The Archbishop of Sydney, Glenn Davies, has written to his clergy in response to the Appellate Tribunal opinion and a meeting of the House of Bishops.

In a letter published on the Sydney Anglicans website Davies describes the opinion as

hard to fathom, as it is contrary to the teaching of the Bible

letter to Sydney clergy, Archbishop Glenn Davies

At their meeting the Bishops agreed to “publicly acknowledge areas of … disagreement” and it seems that Davies has taken the opportunity to do just that, making his ad clerum publicly available. The letter makes Davies’ position absolutely clear:

In my opinion the effect of the majority opinion’s legal interpretation undermines the clear teaching of Scripture and thereby dishonours God.

Davies’ letter is accompanied by a longer piece from Bishop Michael Stead which explains the opinion in more detail and offers some substantive critique.

It is clear now what the conservative/orthodox response to the Appellate Tribunal will be. In line with the Primate’s comment that the opinion is “an important contribution to the ongoing conversation” rather than a binding ruling and that “a meeting of the General Synod is due to be held in 2021 where the Tribunal’s opinion is likely to be considered”, the rapidly emerging argument from conservatives is:

  1. The majority opinion clearly has a number of serious flaws and inconsistencies.
  2. The right place to come to a firm position as a national body is the General Synod (due to be held in 2021).
  3. There ought to therefore be a commitment to restraint until General Synod has met, not least for the sake of seeking to preserve unity (just as the Primate has asked).

Whether that unity can be preserved will now depend largely on the decisions and actions of a number of diocesan bishops. Will they ask their dioceses to wait until General Synod? Will they give assent to any potential motions or resolutions of their own synods and diocesan councils? Ultimately, when their own recent statement closes with these words,

We call upon all members of the Anglican Church of Australia to join us in prayer that we might be sustained by the Holy Spirit in unity, truth and holiness for the glory of God and the wellbeing of the world Christ calls us to serve.

House of Bishops statement, Friday 11 November 2020

are they personally committed to it?

Archbishop Davies’ letter:

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Bishop Stead’s analysis:

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3 comments on ““Difficult Days for our Church” – Archbishop of Sydney writes to clergy

  1. “… Anglican church?”, said the old farmer.

    “Are they Christian?”, he asked me, entirely without guile. I guess he had, probably, never once, in his life, even been inside a Church.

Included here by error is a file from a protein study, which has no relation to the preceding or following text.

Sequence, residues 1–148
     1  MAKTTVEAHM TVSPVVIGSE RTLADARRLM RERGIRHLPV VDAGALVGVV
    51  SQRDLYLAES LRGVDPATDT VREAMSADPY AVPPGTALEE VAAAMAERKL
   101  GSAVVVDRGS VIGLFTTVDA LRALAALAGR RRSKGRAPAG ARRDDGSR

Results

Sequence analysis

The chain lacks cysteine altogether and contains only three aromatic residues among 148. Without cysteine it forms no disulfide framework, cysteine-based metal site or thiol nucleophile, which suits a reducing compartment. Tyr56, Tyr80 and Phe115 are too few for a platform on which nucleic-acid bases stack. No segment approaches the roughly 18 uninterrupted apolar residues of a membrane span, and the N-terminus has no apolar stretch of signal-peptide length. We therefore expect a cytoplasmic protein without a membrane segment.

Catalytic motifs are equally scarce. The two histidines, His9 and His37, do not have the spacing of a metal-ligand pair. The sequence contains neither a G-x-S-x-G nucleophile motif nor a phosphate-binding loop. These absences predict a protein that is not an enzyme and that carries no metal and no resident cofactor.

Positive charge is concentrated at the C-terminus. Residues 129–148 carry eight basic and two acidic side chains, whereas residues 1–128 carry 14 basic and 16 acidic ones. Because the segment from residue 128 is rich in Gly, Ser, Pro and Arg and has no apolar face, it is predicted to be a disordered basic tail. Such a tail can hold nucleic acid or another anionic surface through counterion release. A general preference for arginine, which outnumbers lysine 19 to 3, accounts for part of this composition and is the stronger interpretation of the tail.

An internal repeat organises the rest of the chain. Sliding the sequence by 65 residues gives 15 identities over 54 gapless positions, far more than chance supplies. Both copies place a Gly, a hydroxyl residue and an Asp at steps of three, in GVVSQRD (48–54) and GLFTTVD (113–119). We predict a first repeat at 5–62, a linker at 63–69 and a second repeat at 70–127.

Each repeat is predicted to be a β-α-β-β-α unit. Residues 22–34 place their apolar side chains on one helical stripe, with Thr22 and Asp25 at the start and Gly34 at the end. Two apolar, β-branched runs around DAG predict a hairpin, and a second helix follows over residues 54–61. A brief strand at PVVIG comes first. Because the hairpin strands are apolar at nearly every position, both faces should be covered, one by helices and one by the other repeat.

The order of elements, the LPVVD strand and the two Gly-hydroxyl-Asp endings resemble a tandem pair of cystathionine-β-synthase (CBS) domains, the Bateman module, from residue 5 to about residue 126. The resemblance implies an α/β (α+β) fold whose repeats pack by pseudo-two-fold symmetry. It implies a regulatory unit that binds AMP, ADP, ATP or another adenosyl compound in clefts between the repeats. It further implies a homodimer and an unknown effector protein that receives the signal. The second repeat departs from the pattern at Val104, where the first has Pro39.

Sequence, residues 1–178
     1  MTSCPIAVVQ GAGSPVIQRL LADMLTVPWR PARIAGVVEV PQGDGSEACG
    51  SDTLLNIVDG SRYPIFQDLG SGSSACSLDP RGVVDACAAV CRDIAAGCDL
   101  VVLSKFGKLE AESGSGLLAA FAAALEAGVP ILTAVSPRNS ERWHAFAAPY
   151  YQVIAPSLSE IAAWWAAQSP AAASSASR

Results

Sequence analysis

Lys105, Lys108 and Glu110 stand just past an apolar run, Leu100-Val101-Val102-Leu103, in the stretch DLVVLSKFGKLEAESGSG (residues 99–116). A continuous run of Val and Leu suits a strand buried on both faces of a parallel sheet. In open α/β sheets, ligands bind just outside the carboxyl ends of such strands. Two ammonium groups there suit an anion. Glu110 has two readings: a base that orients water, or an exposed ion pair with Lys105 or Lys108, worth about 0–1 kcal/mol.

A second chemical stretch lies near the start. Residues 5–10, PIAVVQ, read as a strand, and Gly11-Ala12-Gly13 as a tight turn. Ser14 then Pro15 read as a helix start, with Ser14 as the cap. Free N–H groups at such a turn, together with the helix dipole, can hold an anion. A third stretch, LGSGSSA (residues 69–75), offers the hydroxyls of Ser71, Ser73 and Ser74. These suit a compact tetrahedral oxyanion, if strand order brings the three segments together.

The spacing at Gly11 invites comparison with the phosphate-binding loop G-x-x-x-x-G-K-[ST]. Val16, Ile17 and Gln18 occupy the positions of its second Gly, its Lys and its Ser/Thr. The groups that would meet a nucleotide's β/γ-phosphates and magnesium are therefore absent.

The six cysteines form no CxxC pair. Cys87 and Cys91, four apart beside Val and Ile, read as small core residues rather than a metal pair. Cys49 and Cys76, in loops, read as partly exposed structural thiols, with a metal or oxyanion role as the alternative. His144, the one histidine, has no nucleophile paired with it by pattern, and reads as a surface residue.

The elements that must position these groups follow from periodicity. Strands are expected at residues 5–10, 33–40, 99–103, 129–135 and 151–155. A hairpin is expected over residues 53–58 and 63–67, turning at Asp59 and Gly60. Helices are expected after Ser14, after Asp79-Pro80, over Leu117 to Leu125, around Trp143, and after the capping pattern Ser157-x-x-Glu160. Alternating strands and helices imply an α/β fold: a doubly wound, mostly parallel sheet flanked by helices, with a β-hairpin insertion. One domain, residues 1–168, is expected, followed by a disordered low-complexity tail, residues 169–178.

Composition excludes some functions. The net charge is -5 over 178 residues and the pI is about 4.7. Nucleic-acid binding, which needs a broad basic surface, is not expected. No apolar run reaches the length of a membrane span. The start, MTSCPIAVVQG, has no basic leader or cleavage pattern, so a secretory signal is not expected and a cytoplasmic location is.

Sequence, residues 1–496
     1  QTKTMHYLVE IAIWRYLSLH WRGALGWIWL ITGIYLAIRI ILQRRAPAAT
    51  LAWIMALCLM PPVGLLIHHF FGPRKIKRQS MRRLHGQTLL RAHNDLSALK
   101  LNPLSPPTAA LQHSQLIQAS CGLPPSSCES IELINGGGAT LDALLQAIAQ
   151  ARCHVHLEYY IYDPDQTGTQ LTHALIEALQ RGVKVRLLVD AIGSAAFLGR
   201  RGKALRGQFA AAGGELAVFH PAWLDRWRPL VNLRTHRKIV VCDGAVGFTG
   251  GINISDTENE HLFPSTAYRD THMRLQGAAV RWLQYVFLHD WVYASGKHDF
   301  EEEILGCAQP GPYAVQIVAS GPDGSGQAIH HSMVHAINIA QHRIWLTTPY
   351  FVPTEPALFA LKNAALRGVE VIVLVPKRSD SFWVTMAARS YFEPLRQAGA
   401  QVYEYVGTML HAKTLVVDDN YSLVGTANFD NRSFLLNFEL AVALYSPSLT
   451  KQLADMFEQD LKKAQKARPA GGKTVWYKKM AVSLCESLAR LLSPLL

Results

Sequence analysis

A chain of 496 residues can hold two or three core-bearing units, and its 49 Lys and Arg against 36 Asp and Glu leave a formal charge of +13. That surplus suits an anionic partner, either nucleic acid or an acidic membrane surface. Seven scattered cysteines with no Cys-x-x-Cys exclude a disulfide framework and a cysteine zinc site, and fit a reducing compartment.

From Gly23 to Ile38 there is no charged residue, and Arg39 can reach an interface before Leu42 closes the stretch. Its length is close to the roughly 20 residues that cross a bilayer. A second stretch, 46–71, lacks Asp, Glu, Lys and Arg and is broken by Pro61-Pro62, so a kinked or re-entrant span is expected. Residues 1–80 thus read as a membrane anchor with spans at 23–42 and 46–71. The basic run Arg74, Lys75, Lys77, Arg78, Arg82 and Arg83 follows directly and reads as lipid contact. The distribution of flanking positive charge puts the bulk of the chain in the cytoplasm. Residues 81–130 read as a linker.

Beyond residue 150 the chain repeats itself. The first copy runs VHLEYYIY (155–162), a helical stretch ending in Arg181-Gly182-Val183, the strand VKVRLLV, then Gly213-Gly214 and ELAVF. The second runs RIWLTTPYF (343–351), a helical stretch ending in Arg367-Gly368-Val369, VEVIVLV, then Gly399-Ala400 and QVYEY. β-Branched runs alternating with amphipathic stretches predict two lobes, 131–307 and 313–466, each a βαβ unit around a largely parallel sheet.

Archbishop Davies must think the ACA is a Christian Church as it would otherwise not be difficult for him to fathom the Opinion of the Tribunal given that it was contrary to Scripture. What my friend, the farmer from Wangaratta, could have told him, more or less, was that it if you don’t take the Christian Bible as being normative, then you can’t be a follower of Christ, except in your own eyes. You might take the Good Book as containing all things necessary for salvation, but obviously, this would just be pulling the wool over the eyes of the Archbishop and his supporters – not my mate from Wangaratta.

    • I don’t think Davies is fooled for one minute about the situation. But there’s a process to follow here and what we’re now watching is that process being worked through. I think 2021 will see some public decisiveness following on from General Synod.

  2. Archbishop Davies gets it right – the House of Bishops & the Board of Assessors unanimously advised the Tribunal that the teaching of the Bible & thus of the Church is that the sexual union of two persons of the same sex is sin, which is why clergy are forbidden to solemnise same-sex marriages, for To Bless Such A Union (an inescapable element of Holy Matrimony), would amount to the blessing of sin.

    Entirely logical Archbishop. So why do you & your colleagues allow your clergy to continue, to this day, mixing Holy Matrimony & the Marriage Act which, from December 2017, defines marriage as the union of “2 people” including, in your phrase, two persons of the same sex? Did no Bishop foresee the problems ahead?

    Why can’t the House of Bishops give next year’s General Synod immediate assistance by directing ministers to offer religious marriages only? If men & women so married want to be legally wed as well, how hard is that for them to arrange? PN

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